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Yankees hot stove: What is New York's offseason plan from here?

It seemed like the team had a clear plan until it didn't.

Noah K. Murray-USA TODAY Sports

The Yankees managed to follow up an eerily quiet offseason with a bang almost right off the bat with a big signing of free agent catcher Brian McCann. After suffering through the Chris Stewart experience for the majority of 2013, an upgrade was needed behind the plate and the Yankees were able to land the best catcher on the open market. They followed up that signing with the surprise acquisition of Jacoby Ellsbury for the outfield. Prior to signing Ellsbury, the Yankees had been linked to free agent outfielders Shin-Soo Choo and Carlos Beltran extensively, but landed the former Red Sox player for seven years with an eighth year option. The quiet Yankees of 2012 were gone and it seemed like missing the playoffs was the needed jolt to wake up the Steinbrenners enough to collect pieces for a competitive team in 2014. Then things started to fall apart a little, or at least that's how it felt.

The posting system between MLB and NPB threw a major wrench in the Yankees' plans to acquire Masahiro Tanka from Japan, who was long believed to be one of New York's top targets of the offseason. The rotation needed major work and the starters on the free agent market were underwhelming. Throwing a great deal of luxury tax-free dollars at Tanaka's Japanese team to win exclusive negotiating rights seemed like the ideal plan for the Yankees until MLB and NPB came to a much different posting system outline in their new agreement. Instead of going to the highest bidder with luxury tax-free dollars, teams can bid up to the maximum of $20 million. Every team bidding the maximum will be allowed to negotiate with the posted player, virtually turning Japanese players coming to America into free agent commodities. That drives the dollars that count toward the luxury tax up and no longer helps the Yankees stay under $189 million. That is, if Tanaka is posted at all. Tanaka's Japanese team was looking at a payday that possibly exceeded the money the Texas Rangers bid on Yu Darvish a couple years ago. Now, they can receive only $20 million for their star pitcher and could decide that it isn't even worth it to post him. If that happens, the Yankees will have to look at less exciting options on the market, like Matt Garza and Ubaldo Jimenez, instead of the big prize of Tanaka.

Posting system changes were followed by Robinson Cano agreeing to sign a ten-year deal with the Seattle Mariners after only receiving a maximum bid of seven years and $175 million from the Yankees. With the big splashes of McCann and Ellsbury, it seemed like bringing back Cano, which felt like a no brainer, was going to be the bulk of a seriously dangerous offense in 2014. It is nearly impossible to blame the Yankees for refusing to hand over a ten-year deal to a player on the wrong side of 30, but it felt like that deal with Seattle was the first sign that the wheels may not be on so tight in their plan for the offseason.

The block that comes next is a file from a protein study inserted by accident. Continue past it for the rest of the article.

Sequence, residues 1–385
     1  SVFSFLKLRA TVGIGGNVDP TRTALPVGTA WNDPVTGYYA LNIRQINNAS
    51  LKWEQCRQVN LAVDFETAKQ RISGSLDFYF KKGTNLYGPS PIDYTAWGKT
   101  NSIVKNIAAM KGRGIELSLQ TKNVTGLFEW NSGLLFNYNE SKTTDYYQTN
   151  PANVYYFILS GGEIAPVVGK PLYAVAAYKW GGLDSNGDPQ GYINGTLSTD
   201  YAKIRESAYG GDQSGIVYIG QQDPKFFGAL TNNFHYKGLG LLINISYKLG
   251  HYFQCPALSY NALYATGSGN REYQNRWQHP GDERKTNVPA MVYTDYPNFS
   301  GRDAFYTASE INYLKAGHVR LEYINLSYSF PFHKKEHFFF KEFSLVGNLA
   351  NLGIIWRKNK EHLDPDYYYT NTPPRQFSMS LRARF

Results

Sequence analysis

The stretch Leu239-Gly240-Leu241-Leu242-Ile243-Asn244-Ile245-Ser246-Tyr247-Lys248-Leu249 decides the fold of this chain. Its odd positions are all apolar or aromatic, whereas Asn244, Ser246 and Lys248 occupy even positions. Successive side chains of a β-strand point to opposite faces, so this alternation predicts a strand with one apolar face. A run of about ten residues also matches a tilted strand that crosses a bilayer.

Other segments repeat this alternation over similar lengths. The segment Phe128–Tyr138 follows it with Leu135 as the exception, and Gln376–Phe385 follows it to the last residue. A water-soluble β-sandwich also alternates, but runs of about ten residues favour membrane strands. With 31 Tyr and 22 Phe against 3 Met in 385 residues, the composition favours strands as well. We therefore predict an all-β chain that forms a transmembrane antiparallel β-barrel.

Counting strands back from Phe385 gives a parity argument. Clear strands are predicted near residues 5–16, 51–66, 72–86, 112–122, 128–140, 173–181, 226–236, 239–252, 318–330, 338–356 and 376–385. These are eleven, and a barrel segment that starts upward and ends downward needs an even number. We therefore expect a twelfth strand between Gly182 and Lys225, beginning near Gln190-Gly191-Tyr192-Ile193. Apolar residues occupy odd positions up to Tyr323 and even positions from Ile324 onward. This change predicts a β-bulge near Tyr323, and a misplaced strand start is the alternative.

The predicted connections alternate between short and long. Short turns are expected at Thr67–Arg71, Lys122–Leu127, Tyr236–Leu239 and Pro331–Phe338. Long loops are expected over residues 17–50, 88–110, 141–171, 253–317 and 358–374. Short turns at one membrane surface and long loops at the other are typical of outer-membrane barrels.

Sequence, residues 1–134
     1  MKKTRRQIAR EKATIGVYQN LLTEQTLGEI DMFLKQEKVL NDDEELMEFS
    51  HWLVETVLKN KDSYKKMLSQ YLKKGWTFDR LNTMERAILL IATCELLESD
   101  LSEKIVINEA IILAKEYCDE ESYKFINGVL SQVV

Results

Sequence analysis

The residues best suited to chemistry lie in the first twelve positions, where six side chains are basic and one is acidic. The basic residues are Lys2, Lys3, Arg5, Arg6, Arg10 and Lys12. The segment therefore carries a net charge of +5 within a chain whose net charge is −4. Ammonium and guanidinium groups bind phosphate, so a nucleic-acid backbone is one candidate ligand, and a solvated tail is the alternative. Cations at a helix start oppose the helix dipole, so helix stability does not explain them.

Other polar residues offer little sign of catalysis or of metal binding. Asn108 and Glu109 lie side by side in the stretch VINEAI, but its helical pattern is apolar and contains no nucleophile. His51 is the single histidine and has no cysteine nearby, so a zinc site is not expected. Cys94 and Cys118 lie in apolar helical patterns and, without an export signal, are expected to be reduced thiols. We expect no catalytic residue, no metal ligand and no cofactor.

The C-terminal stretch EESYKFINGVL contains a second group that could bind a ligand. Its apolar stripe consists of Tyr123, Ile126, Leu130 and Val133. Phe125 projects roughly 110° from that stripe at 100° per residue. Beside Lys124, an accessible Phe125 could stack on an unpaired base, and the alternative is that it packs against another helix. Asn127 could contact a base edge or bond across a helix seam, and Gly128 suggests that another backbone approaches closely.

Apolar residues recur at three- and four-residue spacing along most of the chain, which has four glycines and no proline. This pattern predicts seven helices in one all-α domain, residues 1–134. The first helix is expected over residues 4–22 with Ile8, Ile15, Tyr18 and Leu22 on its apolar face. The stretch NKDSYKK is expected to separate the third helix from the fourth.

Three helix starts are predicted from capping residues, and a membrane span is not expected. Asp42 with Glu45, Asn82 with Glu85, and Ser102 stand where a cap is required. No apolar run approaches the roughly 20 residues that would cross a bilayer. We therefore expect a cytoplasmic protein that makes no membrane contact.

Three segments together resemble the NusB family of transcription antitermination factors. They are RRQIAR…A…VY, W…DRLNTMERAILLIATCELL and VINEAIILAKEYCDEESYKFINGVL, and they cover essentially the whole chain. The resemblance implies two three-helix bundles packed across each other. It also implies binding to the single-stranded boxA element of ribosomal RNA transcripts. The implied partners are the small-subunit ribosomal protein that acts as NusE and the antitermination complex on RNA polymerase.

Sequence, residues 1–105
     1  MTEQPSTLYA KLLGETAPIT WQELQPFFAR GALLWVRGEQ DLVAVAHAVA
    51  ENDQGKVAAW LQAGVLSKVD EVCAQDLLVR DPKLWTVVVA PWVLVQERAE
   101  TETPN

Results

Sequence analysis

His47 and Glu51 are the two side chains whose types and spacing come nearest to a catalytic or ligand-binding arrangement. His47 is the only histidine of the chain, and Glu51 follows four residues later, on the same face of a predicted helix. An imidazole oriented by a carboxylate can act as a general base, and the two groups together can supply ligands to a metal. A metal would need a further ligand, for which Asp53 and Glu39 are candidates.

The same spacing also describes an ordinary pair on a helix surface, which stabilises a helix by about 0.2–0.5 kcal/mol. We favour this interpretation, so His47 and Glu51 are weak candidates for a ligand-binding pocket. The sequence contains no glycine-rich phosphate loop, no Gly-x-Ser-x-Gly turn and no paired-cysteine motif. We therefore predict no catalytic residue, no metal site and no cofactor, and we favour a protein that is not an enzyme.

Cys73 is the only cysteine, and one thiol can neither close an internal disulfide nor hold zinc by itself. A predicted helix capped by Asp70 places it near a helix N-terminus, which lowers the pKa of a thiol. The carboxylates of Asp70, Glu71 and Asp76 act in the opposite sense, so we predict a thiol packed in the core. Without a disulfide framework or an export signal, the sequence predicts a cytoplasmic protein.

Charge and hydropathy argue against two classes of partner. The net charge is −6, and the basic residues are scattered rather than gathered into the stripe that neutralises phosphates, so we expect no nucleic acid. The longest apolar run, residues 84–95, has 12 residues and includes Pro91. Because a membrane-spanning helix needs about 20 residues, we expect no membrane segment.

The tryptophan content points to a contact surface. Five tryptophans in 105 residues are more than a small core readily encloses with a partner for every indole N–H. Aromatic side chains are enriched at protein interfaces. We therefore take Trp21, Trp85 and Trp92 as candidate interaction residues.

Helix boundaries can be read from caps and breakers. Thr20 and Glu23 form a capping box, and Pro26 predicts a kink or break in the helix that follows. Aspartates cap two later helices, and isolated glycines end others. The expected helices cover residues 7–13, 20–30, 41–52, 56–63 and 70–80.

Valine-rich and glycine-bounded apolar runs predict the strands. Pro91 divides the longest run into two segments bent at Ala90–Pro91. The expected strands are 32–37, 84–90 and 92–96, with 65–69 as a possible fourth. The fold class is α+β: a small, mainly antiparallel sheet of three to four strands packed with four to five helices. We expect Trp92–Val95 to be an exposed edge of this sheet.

Seemingly in reaction to the Cano deal, the Yankees handed over a third year to Carlos Beltran. A crowded outfield became more crowded, but Beltran seemed almost destined for New York. The Yankees were able to replace some of the power that they lost with Cano but holes still remained very apparent in the picture for next season. What about second base? Who plays third if Alex Rodriguez misses the season, or at least a large chunk of it? Kelly Johnson and Brendan Ryan aren't really players you want starting for a team that hopes to make the playoffs. Omar Infante signed for four years with the Kansas City Royals because the Yankees were only willing to give him three. Mark Ellis will be a Cardinal, marking one more name off the already unexciting list.

So, what is the plan? The plan seemed to be clear at first: spend money to infuse the team with the talent needed to get them back to the playoffs and spare no expense. With options dwindling, the plan is less clear. The best remaining free agent is Choo, who plays a position the Yankees have no current need for. A trade could be a possibility, but the Yankees seem reluctant to trade Brett Gardner, who is probably their best major league proven trade chip. The farm took a major hit in value with a totally underwhelming season, leaving few enticing options for the trade market. Brandon Phillips' remaining contract made the Yankees shy away from sending Gardner to Cincinnati, even if it would have filled an obvious hole on the team. Now it seems that the hope has to be that a team with underperforming second basemen, or ones that have no clear spot on the team, like the Mariners with Dustin Ackley and Nick Franklin, come calling with dreams of a trade. The Yankees are the desperate ones in this scenario, which is always a dangerous place to deal from.

Options are flying off the board but time is still on the Yankees' side. They don't have to panic and make a move today, even if it would make us all breathe a little easier. Still, there needs to be a plan. Maybe they have one in mind that is unclear to all of us, but we thought that last year and the plan seemed to be a whole lot of nothing. With holes in the rotation and infield, the team is far from complete. A couple smart signings can change that but staying put could render the acquisitions they already worked so hard to make of little to no consequence in the overall big picture.

What do you hope is the Yankees' next move? Do you think they have a plan in mind of where to go from here? If so, what do you think it is?